We’ve pointed out that there are no empirical bases for its categories, that its treatment approaches are often arbitrary, and that the entire exercise takes time, energy, and money, away from more useful approaches. The emperor not only has no clothes: he’s ugly, too.
It looks like we’ve won that battle. This week the National Institute of Mental Health announced that it will no longer be focusing its grant money on DSM categories.
“The weakness,” Thomas Insel wrote on the NIMH website, “is its lack of validity.”
Well, yeah. You’re a little late to that party.
There should be dancing in the streets. But oh, be careful what we wish for. Instead of turning away from the fallacy that the best way to understand the mind is ro treat it the way you’d diagnose a radiator or a timing belt, the NIMH has decided it will invest in research to create new diagnostic categories that will leave out any and all need to actually talk to patients.
“Mental disorders are biological disorders involving brain circuits that implicate specific domains of cognition, emotion, or behavior,” Insell writes. “Mapping the cognitive, circuit, and genetic aspects of mental disorders will yield new and better targets for treatment.”
What this means, if the NIMH has its way, is that you won’t tell your doctor your depressed: your doctor will tell you. Your neural patterns and genetic markers will tell them everything they need to know.
Imagine that world: mental health care professionals will tell you when you’re depressed, and when you’re happy, and when you should be satisfied with life. Don’t even think of arguing: they’re professionals. They don’t need to hear from amateurs.
Even as it notes that the DSM approach has no validity, not once does the NIMH suggest ever taking a truly different approach, or better researching the outcomes of therapeutic interventions, or thinking of human beings as people with unique aspirations and a drive to live a meaningful life.
That is to say, the NIMH isn’t offering a real alternative to the DSM: rather, they’re doubling down on the fallacy that the DSM was pursuing in the first place. That the mind is best understood as a computer, and when your computer breaks you don’t talk to it or ask it how it feels. In fact, you don’t even let the computer decide whether it’s broken or not. If it’s not behaving according to spec, you get it fixed.
Doubling down on a failing delusion is a sadly common strategy. Therapists see it in patients all the time. No one has yet found a biological basis for it, though: sometimes human beings just delude themselves.
Now to be clear: some very clever people will no doubt do some very clever research under these premises, and some useful things will be learned. The brain can indeed malfunction, and when it does a biological fix is sometimes … sometimes … the best treatment.
But all the critiques of the DSM made by existential-humanistic psychologists – which the NIMH now acknowledges were RIGHT – are equally valid when applied to this new approach.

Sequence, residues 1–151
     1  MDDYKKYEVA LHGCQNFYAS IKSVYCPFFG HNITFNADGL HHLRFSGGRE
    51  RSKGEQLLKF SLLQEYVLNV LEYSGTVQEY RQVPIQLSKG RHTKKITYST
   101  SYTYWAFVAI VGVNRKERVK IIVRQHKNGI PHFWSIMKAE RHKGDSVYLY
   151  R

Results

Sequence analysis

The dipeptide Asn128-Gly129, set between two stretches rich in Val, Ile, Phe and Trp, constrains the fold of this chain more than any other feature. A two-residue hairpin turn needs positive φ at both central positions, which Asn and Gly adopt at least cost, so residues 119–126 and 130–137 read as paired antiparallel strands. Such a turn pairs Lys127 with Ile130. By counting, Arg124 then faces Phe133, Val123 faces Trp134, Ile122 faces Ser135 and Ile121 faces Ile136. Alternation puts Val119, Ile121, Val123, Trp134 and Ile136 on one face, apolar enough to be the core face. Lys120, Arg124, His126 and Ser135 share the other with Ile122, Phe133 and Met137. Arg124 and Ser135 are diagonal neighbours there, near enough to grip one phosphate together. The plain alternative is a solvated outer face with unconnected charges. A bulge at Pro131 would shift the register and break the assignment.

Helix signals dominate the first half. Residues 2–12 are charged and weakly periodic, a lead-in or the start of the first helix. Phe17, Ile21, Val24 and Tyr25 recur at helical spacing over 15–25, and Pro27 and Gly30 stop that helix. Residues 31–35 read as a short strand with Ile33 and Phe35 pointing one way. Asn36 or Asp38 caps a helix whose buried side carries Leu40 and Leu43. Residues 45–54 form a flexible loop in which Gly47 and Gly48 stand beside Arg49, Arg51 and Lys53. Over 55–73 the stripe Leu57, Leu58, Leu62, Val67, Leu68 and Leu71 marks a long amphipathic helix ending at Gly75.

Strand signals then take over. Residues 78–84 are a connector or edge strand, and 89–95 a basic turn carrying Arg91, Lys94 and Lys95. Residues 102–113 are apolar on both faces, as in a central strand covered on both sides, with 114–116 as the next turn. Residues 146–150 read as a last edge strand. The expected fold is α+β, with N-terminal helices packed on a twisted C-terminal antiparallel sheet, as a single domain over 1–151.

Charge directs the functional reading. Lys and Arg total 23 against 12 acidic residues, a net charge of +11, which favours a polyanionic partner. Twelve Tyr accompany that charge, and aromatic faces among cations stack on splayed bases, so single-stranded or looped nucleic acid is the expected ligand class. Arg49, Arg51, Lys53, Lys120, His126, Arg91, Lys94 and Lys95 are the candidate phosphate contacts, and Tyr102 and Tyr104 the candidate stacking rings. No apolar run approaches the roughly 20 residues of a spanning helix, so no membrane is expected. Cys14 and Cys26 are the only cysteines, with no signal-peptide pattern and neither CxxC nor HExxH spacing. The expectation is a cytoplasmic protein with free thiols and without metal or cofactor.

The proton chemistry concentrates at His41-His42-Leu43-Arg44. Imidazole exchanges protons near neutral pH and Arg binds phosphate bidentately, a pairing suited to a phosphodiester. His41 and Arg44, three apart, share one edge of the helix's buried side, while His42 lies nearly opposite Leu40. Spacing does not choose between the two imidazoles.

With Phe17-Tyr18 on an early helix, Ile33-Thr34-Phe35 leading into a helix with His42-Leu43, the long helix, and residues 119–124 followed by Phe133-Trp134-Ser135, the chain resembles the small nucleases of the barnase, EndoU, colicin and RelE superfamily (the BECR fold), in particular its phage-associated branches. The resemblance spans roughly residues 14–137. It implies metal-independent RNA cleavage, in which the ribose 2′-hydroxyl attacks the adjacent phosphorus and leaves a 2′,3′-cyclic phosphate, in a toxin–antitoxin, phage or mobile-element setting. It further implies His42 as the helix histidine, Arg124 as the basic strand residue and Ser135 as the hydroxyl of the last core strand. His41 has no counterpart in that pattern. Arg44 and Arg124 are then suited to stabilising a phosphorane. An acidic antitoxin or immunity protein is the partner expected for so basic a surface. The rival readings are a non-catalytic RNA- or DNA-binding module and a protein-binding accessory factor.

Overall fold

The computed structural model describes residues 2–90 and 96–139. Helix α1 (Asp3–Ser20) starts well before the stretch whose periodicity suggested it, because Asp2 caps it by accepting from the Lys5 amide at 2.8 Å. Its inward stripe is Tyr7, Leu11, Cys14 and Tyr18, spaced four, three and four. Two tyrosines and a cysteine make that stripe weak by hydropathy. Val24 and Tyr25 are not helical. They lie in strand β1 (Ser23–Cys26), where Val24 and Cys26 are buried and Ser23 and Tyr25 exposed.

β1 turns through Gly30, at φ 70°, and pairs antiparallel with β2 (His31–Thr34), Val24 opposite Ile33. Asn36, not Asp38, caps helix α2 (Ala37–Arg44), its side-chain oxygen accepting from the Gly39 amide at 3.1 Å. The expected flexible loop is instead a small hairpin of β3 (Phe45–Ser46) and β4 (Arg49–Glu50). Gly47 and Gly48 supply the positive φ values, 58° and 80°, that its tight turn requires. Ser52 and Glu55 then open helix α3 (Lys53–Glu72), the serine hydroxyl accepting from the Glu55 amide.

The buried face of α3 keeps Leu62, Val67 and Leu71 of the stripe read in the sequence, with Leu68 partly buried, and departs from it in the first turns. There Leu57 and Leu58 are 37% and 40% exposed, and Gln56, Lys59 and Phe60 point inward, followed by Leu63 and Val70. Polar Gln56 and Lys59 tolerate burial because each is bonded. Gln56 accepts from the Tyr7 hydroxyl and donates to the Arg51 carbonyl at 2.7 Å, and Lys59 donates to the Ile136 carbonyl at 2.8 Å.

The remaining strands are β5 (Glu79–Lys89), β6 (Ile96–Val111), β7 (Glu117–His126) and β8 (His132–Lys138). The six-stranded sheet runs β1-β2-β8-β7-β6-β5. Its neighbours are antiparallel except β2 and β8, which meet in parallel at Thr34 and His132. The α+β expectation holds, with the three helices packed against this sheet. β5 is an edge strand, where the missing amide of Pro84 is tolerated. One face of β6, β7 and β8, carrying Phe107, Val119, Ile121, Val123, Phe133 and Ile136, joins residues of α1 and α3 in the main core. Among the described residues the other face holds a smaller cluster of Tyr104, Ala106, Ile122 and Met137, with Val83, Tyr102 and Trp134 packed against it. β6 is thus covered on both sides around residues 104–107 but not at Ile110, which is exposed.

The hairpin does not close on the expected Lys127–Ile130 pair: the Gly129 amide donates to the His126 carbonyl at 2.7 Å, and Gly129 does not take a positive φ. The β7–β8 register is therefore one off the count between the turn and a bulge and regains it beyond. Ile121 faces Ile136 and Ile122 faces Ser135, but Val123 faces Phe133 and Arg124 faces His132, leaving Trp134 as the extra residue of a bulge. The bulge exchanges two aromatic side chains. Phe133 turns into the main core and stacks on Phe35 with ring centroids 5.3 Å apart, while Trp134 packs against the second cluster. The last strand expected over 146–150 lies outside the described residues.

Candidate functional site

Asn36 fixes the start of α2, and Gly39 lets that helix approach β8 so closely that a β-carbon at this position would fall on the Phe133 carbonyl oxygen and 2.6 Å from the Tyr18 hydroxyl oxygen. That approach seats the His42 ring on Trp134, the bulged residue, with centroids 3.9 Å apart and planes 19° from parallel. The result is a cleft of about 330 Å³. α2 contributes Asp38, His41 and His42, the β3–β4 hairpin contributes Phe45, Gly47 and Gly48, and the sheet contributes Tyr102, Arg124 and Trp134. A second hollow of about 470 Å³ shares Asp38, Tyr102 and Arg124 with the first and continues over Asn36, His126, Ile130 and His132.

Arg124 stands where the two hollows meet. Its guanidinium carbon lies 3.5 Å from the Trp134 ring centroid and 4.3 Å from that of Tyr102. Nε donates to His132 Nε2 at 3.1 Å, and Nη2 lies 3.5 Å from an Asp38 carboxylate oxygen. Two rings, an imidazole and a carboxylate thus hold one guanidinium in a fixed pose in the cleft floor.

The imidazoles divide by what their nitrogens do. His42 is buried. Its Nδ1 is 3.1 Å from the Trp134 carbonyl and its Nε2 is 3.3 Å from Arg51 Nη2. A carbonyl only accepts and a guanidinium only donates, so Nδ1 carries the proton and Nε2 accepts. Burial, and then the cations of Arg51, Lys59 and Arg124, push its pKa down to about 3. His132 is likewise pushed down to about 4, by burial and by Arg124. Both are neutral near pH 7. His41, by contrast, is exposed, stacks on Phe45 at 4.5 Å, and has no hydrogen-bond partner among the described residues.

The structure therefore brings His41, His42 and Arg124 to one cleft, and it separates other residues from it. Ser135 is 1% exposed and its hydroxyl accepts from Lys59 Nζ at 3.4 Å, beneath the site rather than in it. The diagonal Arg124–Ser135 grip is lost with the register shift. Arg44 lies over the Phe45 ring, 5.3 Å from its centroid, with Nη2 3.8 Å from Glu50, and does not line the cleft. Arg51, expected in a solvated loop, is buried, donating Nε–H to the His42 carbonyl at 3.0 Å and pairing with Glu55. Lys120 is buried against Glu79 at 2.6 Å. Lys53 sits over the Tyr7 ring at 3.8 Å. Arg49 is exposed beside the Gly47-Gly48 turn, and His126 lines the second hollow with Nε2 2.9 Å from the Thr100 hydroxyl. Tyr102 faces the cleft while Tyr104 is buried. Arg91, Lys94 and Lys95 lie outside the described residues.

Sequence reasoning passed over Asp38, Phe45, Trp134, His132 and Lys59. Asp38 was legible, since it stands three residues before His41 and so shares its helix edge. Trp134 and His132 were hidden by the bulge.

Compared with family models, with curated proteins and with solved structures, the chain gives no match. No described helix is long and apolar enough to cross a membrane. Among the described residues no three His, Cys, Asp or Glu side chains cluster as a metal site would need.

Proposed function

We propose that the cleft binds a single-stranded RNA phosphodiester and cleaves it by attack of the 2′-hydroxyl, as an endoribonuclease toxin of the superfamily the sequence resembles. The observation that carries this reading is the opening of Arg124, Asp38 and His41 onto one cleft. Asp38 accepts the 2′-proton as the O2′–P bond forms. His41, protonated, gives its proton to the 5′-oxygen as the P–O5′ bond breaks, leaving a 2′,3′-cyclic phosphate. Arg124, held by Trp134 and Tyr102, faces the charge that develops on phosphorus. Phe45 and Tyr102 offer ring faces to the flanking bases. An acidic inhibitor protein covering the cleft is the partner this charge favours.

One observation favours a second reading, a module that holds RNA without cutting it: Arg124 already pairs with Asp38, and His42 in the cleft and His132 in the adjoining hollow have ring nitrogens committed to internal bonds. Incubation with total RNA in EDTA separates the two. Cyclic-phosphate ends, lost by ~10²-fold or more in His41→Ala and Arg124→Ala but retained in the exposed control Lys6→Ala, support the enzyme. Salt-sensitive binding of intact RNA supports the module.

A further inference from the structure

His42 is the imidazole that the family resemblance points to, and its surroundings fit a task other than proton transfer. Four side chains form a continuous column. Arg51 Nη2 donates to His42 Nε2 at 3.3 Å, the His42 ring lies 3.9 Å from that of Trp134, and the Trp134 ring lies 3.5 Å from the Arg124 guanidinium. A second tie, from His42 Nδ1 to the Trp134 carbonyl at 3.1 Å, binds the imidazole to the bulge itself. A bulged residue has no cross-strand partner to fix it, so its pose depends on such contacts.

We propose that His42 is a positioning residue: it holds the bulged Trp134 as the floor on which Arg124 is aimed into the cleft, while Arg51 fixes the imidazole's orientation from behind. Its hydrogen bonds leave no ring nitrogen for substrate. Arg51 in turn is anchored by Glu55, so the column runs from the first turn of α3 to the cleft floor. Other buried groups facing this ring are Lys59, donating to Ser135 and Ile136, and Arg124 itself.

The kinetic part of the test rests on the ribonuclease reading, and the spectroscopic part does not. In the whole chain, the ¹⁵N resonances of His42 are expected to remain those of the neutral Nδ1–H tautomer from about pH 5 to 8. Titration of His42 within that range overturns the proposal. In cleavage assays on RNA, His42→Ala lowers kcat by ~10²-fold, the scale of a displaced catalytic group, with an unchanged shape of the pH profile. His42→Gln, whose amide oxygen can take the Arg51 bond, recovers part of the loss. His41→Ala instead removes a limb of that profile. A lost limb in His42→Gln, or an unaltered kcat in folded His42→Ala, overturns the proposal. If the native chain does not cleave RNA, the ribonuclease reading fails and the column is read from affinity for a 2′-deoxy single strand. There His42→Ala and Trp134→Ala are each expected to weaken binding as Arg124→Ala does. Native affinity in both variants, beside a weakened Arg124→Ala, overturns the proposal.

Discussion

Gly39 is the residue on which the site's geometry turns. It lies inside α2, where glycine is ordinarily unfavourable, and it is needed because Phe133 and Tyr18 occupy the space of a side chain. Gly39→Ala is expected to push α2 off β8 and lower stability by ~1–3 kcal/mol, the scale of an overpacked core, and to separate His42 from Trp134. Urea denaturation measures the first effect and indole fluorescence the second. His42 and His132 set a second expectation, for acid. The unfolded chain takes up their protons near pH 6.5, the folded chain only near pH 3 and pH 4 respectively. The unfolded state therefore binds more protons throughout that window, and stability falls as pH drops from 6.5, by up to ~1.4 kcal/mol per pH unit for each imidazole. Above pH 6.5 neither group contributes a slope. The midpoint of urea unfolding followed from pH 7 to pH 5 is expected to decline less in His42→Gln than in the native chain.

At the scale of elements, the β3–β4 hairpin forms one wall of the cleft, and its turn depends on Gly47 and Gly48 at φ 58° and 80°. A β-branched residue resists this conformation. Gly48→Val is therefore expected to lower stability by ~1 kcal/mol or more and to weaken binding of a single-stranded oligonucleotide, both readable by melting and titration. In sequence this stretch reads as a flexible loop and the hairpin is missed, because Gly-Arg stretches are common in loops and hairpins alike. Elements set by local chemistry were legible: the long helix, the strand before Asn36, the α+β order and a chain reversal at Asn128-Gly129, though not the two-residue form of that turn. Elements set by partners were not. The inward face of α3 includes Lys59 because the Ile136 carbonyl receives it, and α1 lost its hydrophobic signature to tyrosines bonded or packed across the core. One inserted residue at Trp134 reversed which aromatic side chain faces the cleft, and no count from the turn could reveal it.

Just because some mental problems correlate to biogenetic issues doesn’t mean all mental problem are caused by them. In fact, the vast majority of what people seek help for – mild-to-medium depression, anxiety, a search for what’s important in life, self-knowledge, self-sabotage, and yes let us not forget marital conflicts (to name just a few) – have no basis in biology at all, beyond our common humanity.
Nor is it clear that many major symptoms are in fact caused exclusively by biology instead of a highly mediated combination of biology and culture. An increasing body of research is suggesting that every aspect of how “mental illnesses” manifest, from where to when to how … to how they go away … are in fact highly influenced by culture. “Mental illness” may in that sense be like epigenetics: biology and environment are so inter-twined that any attempt to minimize the impact culture and environment has on the expression of genes is absurd.
An Afghanistani woman living under the Taliban who is depressed because she isn’t allowed to read doesn’t suffer from a brain disorder. Neither does a middle-aged American man who’s sad because he no longer loves his wife, or a Japanese teenager who isn’t sure if she wants to live up to her parents’ expectations, or an Israeli soldier struggling to keep his conscience in the midst of conflict. They don’t’ need pills and they don’t need gene therapy or neuro-enhancement.. What they’re looking for, when they look for help, is something much more like therapy.
To be human is to suffer. To struggle with that suffering is equally human, and vitally important. How we respond to those in the midst of that struggle, how we help them, says a great deal about who we are.
By all means study the brain, study genetics, study the body and its chemicals. But never forget that “mental health” cannot be reduced to these things, or found in them. The mind is not a valve, or an engine, or even a computer. Treating it as such leads only to absurdity.
We were right about that decades ahead of the NIMH. We’re still right, and will just have to keep proving it until the search for a quick fix … a form of mental health that alleviates the need to know and understand patients as people … is finally revealed as one more windmill that’s been tilted at for too long.
— Benjamin Wachs
Benjamin Wachs archives his writing at www.TheWachsGallery.com